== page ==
Keeshonds - Dogs - Pictures
Keeshonds - Dogs - History
Keeshonden, also known as Dutch Barge Dogs, Wolf Spitzs, or Keeshond dogs, are the members of the Northern Spitz family. It is believed that the Spitz dogs came from wolves or dogs lacking hunting instincts, which stayed around the camps scavenging and protecting from wild wolves and dogs. Keeshonden are considered to be the national dogs of Holland, but the breed was developed in England. Wolfspitz dogs have been used in the breeding of Keeshonden.
These dogs became politically popular after the French Revolution as the mascots of the Patriot Party led by Kees (Cornelius de Gyselaer). When the party was defeated, Keeshonden also lost favor. Keeshond dogs remained only among the farmers as companion dogs, guard dogs, and ratters. Seamen used to take them into the sea for rodent hunting. In the 1920s, the interest towards the breed revived, and Keeshonden were introduced to the UK and North America. In 1930s the AKC registered the Keeshond dog as a separate breed.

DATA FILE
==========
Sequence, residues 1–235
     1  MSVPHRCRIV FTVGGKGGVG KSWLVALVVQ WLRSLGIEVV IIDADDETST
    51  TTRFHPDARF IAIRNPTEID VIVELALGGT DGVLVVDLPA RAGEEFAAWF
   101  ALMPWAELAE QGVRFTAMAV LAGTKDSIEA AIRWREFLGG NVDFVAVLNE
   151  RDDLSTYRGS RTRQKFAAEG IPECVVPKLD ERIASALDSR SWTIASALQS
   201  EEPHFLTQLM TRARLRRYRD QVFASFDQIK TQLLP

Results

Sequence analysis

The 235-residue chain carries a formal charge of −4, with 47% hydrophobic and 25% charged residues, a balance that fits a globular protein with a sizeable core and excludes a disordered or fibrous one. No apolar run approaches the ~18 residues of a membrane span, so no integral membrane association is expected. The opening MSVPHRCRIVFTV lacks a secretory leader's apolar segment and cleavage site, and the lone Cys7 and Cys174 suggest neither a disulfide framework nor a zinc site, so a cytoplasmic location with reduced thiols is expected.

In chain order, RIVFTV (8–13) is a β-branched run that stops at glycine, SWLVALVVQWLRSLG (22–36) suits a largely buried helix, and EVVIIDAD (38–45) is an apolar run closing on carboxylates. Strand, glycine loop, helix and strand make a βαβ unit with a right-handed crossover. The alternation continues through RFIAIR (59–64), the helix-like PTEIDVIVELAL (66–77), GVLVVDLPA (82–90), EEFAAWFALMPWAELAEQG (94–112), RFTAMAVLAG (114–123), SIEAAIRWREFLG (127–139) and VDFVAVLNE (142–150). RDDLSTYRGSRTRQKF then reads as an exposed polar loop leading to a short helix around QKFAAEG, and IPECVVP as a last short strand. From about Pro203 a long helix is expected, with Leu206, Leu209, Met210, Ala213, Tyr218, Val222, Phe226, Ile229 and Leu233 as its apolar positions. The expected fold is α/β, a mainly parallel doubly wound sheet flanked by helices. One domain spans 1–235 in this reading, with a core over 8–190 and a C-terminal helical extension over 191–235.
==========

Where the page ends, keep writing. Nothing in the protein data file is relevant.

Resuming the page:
Keeshonds - Dogs - Grooming
The coat of Keeshonden insulates against cold, hot, and wet weather and needs little care. It doesn't mat. And, dirt is quickly shaken or brushed off. Another peculiarity of this coat is that it doesn't have a doggy odor and requires seldom bathing. One brushing in 2-3 weeks is sufficient grooming. Keeshond dogs shed once a year; the loose undercoat of Keeshonden can be easily removed with a wide-toothed metal comb.